So a good while back now we had the Princess Bride #asyouwish event on Twitter. The basic idea was that you could be part of a group experiencing an event, even if you were not physically near the group. People watching the Eurovision, Rose of Tralee and texting back and forth. Now we’re on Twitter doing it.
We tweeted, we had a liveblog. SoundCheck tuned in from their event. Simon McGarr stuck up some LiveBlog.ie stats too: Total visitors: 409 Number of posts: 885 Number of comments: 281
Mostly super positive reaction to the event and some negative ones complaining that if you want to watch a movie you shouldn’t be tweeting. Or maybe eating. Or moving. And maybe on your own. But you don’t watch Princess Bride for the 5th or 10th time in silence. It’s very participatory. Even on first viewing.
People who have never gone to a concert and sung along to some songs probably would find this foreign and shocking. Maybe people who didn’t partake in a Rocky Horror night with all the props. Shared experiences are here to stay in digital format just like they’ve been around in analog for possibly thousands of years. Christian masses are like this when everyone sings and claps, right?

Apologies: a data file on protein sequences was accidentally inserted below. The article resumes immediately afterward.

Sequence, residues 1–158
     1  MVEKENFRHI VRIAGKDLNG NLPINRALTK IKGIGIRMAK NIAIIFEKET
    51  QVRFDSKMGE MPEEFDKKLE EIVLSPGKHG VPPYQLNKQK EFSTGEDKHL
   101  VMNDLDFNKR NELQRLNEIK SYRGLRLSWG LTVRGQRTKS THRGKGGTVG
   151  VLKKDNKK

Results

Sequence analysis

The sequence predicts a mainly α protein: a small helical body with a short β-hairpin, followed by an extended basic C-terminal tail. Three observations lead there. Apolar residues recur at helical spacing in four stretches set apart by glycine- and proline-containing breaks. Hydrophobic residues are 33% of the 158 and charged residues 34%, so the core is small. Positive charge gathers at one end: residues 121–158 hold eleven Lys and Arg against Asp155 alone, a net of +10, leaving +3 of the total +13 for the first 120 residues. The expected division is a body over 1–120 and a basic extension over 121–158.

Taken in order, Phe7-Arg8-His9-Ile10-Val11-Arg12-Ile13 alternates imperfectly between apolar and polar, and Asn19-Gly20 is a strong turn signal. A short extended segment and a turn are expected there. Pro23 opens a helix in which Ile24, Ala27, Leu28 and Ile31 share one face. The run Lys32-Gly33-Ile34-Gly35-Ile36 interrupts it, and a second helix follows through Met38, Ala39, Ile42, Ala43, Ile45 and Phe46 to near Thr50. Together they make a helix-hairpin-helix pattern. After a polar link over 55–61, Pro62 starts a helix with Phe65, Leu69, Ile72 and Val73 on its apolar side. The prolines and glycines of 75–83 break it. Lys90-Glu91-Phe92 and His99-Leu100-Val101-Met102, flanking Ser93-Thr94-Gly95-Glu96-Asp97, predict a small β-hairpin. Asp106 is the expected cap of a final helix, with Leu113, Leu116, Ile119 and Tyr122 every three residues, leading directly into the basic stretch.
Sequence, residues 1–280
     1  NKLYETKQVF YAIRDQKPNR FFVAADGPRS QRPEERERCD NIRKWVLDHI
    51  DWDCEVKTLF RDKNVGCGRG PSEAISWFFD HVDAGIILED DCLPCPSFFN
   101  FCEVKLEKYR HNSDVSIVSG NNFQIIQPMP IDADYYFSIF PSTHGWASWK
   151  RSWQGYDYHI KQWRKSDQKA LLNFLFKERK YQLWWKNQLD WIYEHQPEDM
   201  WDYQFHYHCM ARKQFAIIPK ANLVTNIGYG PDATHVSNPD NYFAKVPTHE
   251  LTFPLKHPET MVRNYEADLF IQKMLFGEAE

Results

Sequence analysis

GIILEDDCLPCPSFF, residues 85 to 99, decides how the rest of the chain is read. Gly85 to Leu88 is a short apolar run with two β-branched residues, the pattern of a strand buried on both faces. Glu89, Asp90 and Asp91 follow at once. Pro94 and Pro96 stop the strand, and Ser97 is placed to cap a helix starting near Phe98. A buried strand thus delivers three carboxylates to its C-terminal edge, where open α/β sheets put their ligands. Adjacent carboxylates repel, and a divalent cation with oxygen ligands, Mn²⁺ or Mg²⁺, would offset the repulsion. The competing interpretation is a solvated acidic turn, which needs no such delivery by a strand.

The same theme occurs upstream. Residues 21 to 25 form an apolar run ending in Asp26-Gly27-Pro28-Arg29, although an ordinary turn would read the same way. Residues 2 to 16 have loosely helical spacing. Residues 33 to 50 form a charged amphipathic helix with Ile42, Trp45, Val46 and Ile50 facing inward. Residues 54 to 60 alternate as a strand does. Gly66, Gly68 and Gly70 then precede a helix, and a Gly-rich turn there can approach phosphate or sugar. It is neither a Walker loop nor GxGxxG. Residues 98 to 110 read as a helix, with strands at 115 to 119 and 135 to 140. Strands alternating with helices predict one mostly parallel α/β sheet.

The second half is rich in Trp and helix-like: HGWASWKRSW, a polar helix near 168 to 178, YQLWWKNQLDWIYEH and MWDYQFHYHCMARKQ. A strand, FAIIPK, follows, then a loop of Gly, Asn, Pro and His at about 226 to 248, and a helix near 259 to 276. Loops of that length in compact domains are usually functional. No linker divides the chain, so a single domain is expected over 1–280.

Then we see this from Fox and Fringe.
On Thursday at 9 p.m., the penultimate episode of Fringe will be accompanied by Twitter commentary from two of the show’s cast and producers.
If you’re a Helge Tennø fan you’ll know his take on marketing and earned media and how companies now need to not broadcast or disrupt and instead contribute and provide. I think vehicles like running shared experience events is one way companies can work with the general public and people from various online communities and have a little bit of fun in the process. Much better than advertising/spamming by asking people to mention your company name on Twitter.
So Princess Bride was the first in a series. People want another Twitter Movie Night soon and we’ll have one alright but also on the way are other participatory events using online communities.